The Crow and the Pitcher

the crow and the pitcher

Photo Courtesy: ‘Aesop’s Childhood Adventures’ by Vincent Mastro

Once upon a time (between 620 and 560 BC) Aesop, a slave lived in ancient Greece. He was also a storyteller and as we all know, his stories are world-famous till today. ‘The Crow and the Pitcher’ is one of those favourite stories and suggests Aesop to be an intense naturalist as well. In the story, a thirsty crow was searching for water over a dry land. At last he found a pitcher. But there was only a little water in it, at the bottom and out of his reach. Then he applied his presence of wit and raised the level of water by dropping pebbles into the pitcher. Thus he satisfied his thirst and saved his life. Psychologists and ornithologists of AD 2014 are now using this story (The Aesop’s fable paradigm) literally to estimate the cognitive ability of rooks and crows of the Corvidae family in using tools for utility purpose in order to understand the evolution of animal cognition as well. Crows are clever we all know. The study concludes that their cognition level is comparable to that of 5-7 year old children. Not bad! Good luck for crows! and as I told you just see a mere tale can stretch how long!

You can read the papers on rooks and crows, read the feature or check the funny video.

3 thoughts on “The Crow and the Pitcher

  1. Hi Lekha,
    Thanx for referencing my book. I could not agree more with you premise:
    “She finds the way of tales not only creative, but inspiring and multifaceted. Just like music, it breaks every barrier and serves as an efficient courier for however complex a message might seem.” My personal frustration was that most fable adaptations are not readily understandable by children. That is why I am writing my series.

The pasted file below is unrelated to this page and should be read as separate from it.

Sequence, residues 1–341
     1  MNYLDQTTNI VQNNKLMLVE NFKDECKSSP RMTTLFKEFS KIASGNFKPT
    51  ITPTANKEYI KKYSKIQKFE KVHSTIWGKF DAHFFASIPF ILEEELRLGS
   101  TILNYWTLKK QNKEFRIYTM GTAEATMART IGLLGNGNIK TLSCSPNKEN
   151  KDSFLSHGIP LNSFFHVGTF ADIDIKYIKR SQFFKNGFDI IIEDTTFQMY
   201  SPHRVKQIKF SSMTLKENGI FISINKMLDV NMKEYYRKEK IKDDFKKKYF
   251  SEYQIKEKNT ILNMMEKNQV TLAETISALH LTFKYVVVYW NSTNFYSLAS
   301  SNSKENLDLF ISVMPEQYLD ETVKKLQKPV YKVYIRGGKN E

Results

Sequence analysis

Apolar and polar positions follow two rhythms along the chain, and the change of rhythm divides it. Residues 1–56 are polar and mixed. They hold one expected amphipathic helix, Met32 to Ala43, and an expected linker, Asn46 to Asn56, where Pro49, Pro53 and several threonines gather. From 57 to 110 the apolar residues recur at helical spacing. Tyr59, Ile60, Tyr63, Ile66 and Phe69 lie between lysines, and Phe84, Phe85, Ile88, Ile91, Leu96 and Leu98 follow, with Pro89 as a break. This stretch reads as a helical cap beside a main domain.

Here are 2 blogs I wrote for edutopia that may interest you:

    I have also written teachers guides that describe the lessons that can be taught from them including volume, measurement and comparison based on The Crow and the Pitcher.

    Finally, is there are particular Aesop’s Fable you like? If I have not written it yet, I’ll do it next.


    • Hi Vinnie,

      First of all, I am really honored to have comments from Vincent Mastro himself on my blog. Thanks a lot. I loved reading your blogposts on edutopia. I agree with you that Aesop’s fables have a real potential to inculcate the process of critical thinking among children. Instead of just delivering the message these fables offer, we have a lot of space for exploring with our young readers and of course with ourselves on the solid groundwork done by Aesop. In my childhood when I read these fascinating fables of course the lesson listed at the end wasn’t the sole experience I collected from them or was satisfied with. There were some unanswered questions and disbelief. As you have wrote ‘instead, the author expects the child to make that leap of understanding’. And that is hardly possible for a very young reader. Often many adult readers even can’t manage to gather this wisdom in its true sense. And if you ask me, I find these stories really intriguing instead of as simple a fable is defined as.
      If you ask me (I am honored again!), I would love to rediscover the meaning of the fable named ‘The fox and the grapes’ or ‘The bird in borrowed feathers’ with Vincent Mastro. And I will share the fable this time with my little niece always ready for story time at present!

      Thanks again for stopping by my blog and leaving your thoughts..


  2. Pingback: What you eat… | FAIRY TALES THESE DAYS

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